This method is a bit crude, as files with higher sample rates played back at lower samples rates may introduce audible aliasing[7] to the final product.


Once the Csound job is finished, your freshly processed file is waiting for you to listen.

III. FlexiVerb - A Flexible FX Processor Model

FlexiVerb improves on the BasicVerb model by including a couple of features that improve flexibility for the user:

Along with these additions comes a major design differences in the instrument model.


FlexiVerb's instrument model has extra complexity that allows the FX processor to accept both mono and stereo audio files. There are four instruments in this model: Setup, Input, Process and Output.

The score line is still the entry point to the FX processor, and does this by calling the Setup instrument. Setup has a more prominent role in the design as it is responsible for starting the other three instruments, routing the zak signals, and declaring f-tables to store the audio input file.

Figure 3.0    FlexiVerb flow.

Stereo Output

FlexiVerb always outputs a stereo file, whether or not the input audio file is mono or stereo. Since it is a stereo reverb, nchnls is set to 2 in the header.

Parameters with #ifndef

With the help of the #ifndef, parameters are defined with a default value that can be overridden manually with the --omacro at the command prompt. FlexiVerb is equipped with six parameters. If they are not specified by the user at the command line, then their default values are used.

; Filename           # ??? #  ; Name of file to process.  Required parameter,
                              ; supplied by user at the command prompt call.

# ifndef Amp
# define Amp         # 1 #    ; Master amplitude
# end

# ifndef Mix
# define Mix         # 0.1 #  ; Dry / Wet mix.
# end

# ifndef Time1
# define Time1       # 1 #    ; Reverb time for left channel.
# end

# ifndef Time2
# define Time2       # 1 #    ; Reverb time for right channel.
# end

# ifndef Diffusion1
# define Diffusion1  # 0 #    ; High frequency diffusion for left channel.
# end

# ifndef Diffusion2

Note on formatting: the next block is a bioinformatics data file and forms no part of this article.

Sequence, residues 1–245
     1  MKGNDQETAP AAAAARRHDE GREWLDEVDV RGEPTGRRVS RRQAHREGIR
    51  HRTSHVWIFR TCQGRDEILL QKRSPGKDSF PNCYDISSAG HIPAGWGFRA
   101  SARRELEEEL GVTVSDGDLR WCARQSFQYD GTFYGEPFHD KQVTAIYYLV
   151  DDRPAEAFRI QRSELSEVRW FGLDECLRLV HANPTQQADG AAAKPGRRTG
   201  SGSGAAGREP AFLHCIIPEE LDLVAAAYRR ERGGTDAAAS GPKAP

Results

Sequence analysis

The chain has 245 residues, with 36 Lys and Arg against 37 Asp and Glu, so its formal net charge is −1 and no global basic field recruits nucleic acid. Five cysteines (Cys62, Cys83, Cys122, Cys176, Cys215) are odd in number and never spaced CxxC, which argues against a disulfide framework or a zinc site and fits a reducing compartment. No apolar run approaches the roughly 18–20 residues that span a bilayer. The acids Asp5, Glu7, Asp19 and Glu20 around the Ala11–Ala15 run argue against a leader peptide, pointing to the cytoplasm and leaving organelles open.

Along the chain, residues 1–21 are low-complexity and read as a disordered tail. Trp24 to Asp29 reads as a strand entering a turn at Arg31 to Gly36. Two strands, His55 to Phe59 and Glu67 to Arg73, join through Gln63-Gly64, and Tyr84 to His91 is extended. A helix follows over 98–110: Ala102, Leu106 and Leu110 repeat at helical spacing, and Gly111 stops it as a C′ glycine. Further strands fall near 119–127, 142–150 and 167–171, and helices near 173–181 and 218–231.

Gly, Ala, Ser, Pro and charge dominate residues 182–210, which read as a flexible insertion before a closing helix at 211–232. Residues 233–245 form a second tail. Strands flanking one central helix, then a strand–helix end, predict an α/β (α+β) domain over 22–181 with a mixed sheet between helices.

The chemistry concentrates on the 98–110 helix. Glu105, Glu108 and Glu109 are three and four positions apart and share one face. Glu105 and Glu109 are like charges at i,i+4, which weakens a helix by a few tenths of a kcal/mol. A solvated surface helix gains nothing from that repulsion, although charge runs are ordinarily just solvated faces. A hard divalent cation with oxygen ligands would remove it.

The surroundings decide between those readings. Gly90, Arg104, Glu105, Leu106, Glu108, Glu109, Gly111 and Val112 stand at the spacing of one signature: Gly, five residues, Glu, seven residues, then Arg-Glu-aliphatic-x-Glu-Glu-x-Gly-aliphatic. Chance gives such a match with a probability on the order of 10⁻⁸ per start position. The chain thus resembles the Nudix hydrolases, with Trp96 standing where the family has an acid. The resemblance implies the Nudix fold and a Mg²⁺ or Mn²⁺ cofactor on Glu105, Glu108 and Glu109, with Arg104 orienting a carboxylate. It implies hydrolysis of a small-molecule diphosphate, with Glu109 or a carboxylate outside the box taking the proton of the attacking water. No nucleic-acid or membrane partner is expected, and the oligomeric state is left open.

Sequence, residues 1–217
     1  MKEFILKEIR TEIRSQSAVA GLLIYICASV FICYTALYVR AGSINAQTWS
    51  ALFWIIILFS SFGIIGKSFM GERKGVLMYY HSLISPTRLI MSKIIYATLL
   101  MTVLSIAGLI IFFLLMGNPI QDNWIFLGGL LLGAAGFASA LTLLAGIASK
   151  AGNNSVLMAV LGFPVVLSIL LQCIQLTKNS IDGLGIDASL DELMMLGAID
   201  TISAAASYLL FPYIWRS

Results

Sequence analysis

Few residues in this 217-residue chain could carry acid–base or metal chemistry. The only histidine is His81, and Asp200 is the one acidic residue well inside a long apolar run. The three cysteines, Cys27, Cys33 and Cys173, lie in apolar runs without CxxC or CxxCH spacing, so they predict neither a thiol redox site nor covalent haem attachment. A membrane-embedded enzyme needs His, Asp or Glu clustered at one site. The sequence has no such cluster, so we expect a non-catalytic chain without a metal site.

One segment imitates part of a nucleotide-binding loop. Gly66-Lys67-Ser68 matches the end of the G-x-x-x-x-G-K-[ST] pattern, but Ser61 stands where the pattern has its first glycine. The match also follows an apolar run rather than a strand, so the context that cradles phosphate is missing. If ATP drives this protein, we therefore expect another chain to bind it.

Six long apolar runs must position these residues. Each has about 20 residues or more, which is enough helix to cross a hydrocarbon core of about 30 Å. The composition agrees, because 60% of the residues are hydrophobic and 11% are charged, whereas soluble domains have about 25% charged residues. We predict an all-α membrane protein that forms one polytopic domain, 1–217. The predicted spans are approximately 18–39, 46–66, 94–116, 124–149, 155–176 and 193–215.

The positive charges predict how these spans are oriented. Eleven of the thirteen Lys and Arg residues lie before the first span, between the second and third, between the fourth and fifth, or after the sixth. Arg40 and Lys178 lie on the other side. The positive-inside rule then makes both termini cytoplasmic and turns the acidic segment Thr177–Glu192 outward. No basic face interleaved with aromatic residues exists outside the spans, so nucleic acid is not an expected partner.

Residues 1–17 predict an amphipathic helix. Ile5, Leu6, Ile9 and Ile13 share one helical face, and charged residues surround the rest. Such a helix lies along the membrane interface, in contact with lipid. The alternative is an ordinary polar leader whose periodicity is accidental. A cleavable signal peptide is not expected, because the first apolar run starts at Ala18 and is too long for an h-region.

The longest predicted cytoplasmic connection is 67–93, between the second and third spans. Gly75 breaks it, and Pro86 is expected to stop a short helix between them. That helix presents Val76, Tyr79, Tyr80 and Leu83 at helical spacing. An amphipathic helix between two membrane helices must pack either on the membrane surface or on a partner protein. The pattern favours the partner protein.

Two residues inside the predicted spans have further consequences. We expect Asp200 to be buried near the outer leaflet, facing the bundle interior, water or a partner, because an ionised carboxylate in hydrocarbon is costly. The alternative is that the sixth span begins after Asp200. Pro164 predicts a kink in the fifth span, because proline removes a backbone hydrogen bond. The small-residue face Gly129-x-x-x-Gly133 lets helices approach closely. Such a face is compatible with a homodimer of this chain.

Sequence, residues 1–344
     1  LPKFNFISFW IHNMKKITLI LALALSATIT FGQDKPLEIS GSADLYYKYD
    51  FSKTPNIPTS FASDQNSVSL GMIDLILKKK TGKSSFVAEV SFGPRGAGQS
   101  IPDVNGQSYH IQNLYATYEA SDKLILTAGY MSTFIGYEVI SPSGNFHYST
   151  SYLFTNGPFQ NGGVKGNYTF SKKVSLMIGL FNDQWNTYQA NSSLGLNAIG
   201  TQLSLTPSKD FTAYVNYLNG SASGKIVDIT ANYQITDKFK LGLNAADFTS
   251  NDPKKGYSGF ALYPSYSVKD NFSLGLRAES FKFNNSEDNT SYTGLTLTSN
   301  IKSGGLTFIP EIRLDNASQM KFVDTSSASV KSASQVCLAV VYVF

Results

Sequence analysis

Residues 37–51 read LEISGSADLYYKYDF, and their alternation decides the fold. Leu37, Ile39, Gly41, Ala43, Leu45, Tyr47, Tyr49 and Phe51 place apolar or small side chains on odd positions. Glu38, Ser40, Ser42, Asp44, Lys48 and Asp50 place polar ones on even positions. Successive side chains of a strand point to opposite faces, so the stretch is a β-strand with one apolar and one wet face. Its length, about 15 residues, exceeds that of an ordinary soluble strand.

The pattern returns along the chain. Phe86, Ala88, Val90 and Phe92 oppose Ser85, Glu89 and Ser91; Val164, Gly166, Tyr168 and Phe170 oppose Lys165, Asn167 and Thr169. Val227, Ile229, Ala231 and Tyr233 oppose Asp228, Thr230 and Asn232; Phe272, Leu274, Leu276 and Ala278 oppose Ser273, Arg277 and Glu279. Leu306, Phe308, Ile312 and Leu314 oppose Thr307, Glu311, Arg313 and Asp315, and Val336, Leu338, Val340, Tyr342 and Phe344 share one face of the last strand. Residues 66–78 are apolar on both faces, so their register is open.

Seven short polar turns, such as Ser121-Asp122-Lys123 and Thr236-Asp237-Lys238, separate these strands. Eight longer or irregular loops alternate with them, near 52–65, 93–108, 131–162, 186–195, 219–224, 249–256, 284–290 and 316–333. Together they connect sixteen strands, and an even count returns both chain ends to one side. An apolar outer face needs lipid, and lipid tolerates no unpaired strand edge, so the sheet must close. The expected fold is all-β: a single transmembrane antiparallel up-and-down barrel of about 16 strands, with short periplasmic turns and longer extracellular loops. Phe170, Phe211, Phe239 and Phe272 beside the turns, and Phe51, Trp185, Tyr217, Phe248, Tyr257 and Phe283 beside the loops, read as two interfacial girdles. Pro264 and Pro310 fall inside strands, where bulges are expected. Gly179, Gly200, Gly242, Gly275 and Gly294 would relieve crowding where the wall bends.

# define Diffusion2  # 0 #    ; High frequency diffusion for right channel.
# end
Figure 3.1    FlexiVerb is equipped with six parameters: Amp, Mix, Time1, Time2, Diffusion1 and Diffusion2.

The following command call overrides the Mix parameter with the value of 0.2. The other four parameters will assume their default values.

$ csound -d -o./Output.aif --omacro:Filename=./Input.aif --omacro:Mix=0.2 FlexiVerb.csd
Figure 3.2    The Mix parameter has the value of 0.2 instead of the default value of 0.1.

Zak Bus

The instruments Input, Process, and Output require a method of passing and accepting audio between one another. The zak bus system was chosen for its simplicity and ability to reference channels by number. The following code initializes the two a-rate zak channels required to handle the stereo bus.

zakinit 2, 1
Figure 3.3    Create two a-rate zak channels.


Setup has a hand in almost every task in this design model. The other three instruments are relatively simple in comparison.

Input File Information

In order for Setup to accomplish all of its various tasks, it must collect information about the audio input file. This information includes: the length of the file, the number of channels, the sample rate and number of samples.

ilength  filelen    "$Filename"    ; Length of file in seconds
inchnls  filenchnls "$Filename"    ; Number of channels
isr      filesr     "$Filename"    ; Sample rate of file
isamples =          ilength * isr  ; Number of samples in file, per channel
Figure 3.4    This collects information about the audio input file to be processed.

Calculating the Duration

In order to calculate the duration of the output file, the times of the reverbs are compared to one another to get the longer duration of the two. The longer duration is then added to the length of the input file. The following code demonstrations how this is accomplished using a conditional statement.

iduration = ( $Time1 > $Time2 ? $Time1 : $Time2 ) + ilength
Figure 3.5    Checks which reverb is longer, adds this to the length of the file, calculating the duration of the output file.


The diskin opcode is traded out in favor of pre-loading the audio file into one or two f-tables. The reason for such a radical design change is because diskin is limited in the way it can stream files from disc. It can load either the left channel or the left and right channels, but not the right channel by itself.

Since f-tables can be generated dynamically, specifiable by a number, and can be read one at a time, they work perfectly with this model. Though you should be aware of two issues. First, since FX processors are generically programmed to handle files of any size, the size of a file is always unknown when executed. Second, tables require their memories to be declared as a size of a power-of-two or a power-of-two plus one.

At this point in the Setup instrument, the length of the audio file is known. See Input File Information. The next thing to do is to calculate the size of the table or tables that are to be generated. The following loop code continually doubles isize until the value is greater than the number of samples, per channel, in the audio input file.